Deutch, 55, found the toughest, most difficult phase of his ethics tenure a few years ago when the panel investigated a slew of sexual misconduct cases. Eight House members — five Republicans, three Democrats — either resigned immediately or did not seek reelection.

“You realize that, if what you’re trying to do is uphold the integrity of the House, and you find at that point so much really bad behavior, you realize how tall an order it can sometimes be to do that work,” Deutch said.

In those #MeToo cases, the panel often cited that broad first clause of the code of conduct as grounds for its jurisdiction — an approach that could be applied to other cases, including accusations that Cawthorn lied.

In one case, Rep. Trent Franks (R-Ariz.) allegedly asked two young female staffers to serve as surrogate mothers for him — the type of terrible behavior that could never be foreseen with a distinct rule prohibiting it. Franks, a prominent social conservative, quit in disgrace rather than facing the Ethics Committee, acknowledging his actions in his resignation letter.

The decision to bypass the panel in the Gosar matter, going straight to the House floor, followed an early 2021 move to go immediately to the full House to remove Rep. Marjorie Taylor Greene (R-Ga.) from her assignments based on past violent rhetoric toward members.

Wild, the Democrat from Pennsylvania, believes those actions created a “media circus” around the two Republicans — both of whom have since worn those punishments as badges of political honor on the far right.

A behind-closed-doors investigation led by the professional ethics staff, with the potential to reveal new controversial actions, might better serve the House.

“It’s exactly where we should be dealing with people who are engaging in threatening behavior toward other members, people who are using slanderous language about other members, and people who are just outright lying,” Wild said.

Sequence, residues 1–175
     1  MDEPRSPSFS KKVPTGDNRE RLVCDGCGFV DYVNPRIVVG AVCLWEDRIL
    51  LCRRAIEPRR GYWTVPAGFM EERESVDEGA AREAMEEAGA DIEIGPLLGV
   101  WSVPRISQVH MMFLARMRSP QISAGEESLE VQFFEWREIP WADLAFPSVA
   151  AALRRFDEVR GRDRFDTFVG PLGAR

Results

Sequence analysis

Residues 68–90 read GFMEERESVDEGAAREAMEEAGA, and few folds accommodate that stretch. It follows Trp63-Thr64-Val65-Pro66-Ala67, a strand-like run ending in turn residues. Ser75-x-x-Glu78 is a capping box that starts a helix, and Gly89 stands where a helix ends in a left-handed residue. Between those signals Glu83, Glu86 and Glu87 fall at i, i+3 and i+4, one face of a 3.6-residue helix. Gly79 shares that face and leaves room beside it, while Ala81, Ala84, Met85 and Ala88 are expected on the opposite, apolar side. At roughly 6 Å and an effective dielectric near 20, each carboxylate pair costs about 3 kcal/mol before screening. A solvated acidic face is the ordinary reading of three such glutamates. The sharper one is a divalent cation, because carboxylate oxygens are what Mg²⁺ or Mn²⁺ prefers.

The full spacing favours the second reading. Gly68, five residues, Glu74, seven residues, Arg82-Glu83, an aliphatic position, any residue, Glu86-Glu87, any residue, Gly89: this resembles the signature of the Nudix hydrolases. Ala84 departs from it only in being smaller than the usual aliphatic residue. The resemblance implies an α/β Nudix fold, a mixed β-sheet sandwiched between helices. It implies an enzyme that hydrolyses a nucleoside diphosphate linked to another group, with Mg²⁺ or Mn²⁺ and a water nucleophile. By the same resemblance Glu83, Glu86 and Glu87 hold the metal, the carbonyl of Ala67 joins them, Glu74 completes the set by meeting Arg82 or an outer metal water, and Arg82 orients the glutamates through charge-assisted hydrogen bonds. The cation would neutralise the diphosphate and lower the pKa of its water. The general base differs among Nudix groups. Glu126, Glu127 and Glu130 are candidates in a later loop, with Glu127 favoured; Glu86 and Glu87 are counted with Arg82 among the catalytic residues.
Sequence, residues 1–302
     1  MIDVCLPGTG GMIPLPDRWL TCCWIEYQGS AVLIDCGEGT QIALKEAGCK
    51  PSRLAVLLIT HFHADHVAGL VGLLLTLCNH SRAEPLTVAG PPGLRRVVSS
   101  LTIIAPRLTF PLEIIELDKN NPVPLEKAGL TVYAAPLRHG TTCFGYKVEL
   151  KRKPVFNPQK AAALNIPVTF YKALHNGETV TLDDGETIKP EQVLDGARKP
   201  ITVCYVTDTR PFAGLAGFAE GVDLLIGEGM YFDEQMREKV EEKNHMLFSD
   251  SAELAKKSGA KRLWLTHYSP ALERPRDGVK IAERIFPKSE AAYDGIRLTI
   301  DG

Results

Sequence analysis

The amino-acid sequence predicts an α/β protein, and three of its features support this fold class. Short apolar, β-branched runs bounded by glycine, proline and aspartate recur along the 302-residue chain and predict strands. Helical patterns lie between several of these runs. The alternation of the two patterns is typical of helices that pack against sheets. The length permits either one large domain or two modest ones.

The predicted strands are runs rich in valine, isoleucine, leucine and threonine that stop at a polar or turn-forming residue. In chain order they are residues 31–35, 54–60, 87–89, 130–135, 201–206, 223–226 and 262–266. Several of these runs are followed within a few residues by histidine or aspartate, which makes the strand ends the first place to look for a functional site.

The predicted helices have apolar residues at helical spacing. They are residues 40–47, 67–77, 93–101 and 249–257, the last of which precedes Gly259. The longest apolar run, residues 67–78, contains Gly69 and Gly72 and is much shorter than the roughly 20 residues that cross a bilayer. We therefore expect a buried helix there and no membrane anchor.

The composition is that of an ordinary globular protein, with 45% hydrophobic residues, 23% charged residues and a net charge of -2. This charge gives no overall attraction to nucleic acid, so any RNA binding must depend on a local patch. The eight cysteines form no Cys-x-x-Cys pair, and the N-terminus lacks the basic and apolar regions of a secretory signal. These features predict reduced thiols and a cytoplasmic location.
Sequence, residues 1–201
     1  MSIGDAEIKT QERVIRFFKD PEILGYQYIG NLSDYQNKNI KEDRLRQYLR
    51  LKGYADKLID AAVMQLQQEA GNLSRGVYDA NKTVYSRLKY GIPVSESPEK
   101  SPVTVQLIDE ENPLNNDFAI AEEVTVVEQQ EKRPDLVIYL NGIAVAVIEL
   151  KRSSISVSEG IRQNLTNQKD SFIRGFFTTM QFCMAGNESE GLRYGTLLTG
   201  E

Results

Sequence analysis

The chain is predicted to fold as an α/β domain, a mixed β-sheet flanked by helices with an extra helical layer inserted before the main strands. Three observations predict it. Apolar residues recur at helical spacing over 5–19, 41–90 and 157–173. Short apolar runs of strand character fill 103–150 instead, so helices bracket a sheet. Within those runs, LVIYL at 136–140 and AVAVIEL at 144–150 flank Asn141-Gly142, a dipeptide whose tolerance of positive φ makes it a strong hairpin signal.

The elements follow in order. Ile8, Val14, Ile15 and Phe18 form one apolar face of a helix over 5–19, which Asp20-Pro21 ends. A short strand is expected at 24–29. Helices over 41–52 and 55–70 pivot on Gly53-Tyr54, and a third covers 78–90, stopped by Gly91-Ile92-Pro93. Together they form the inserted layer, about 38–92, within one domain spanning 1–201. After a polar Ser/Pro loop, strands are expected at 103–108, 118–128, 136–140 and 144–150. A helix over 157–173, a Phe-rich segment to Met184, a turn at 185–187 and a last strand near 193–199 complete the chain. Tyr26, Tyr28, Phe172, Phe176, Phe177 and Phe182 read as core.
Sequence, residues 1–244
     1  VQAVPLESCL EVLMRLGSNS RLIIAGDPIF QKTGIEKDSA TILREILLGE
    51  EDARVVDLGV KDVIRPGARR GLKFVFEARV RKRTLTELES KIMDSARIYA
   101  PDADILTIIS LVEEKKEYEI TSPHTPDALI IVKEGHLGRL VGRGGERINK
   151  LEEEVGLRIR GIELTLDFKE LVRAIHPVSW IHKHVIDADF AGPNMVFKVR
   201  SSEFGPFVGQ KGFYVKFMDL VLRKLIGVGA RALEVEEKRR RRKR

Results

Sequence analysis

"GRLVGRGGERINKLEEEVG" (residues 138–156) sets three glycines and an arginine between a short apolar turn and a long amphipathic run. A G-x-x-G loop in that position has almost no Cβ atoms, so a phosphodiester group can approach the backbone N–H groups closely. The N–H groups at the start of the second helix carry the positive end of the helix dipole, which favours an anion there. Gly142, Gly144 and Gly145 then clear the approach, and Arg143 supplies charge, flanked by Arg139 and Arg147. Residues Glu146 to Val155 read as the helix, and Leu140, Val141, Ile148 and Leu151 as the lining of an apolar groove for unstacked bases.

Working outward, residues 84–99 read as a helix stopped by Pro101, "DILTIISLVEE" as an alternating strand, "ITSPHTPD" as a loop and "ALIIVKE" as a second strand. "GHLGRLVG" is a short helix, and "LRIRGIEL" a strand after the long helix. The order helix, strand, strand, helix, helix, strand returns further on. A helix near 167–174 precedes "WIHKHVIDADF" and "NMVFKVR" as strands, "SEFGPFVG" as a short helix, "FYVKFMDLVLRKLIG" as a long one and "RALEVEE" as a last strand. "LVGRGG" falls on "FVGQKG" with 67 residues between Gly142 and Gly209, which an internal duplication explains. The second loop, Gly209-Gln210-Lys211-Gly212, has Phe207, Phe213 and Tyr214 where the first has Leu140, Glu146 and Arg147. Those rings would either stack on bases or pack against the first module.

Womack is so outraged by Cawthorn’s “terrible honor violation” that he considers it almost worthy of expulsion. “Is an individual, who has that predisposition,” he asked, “are they congressional material?”

Cawthorn has had a pattern of making false or outlandish claims, including that he was armed during the Capitol riot in January 2021 and that a friend left him for dead in the car crash that left him paralyzed from the waist down. He recently referred to Ukrainian President Volodymyr Zelensky as a “thug.”

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“A lot of people say things up here that are just kind of crazy talk. Most of the things that are said are more a reflection on the individual saying it,” Womack said, explaining why Cawthorn’s latest actions struck such a nerve. “In this particular case what he said was a reflection on all of us.”

Ultimately, he said, voters in western North Carolina will determine Cawthorn’s fate, first in the GOP primary.

Deutch thinks there is room for the ethics panel to take up issues like this, if both sides are willing to just take the first clause of the rule book seriously.

“If members are doing things that are abhorrent, then it should certainly trigger a conversation about clause one,” Deutch said. “Again, the broadest interpretation of that rule is what is required.”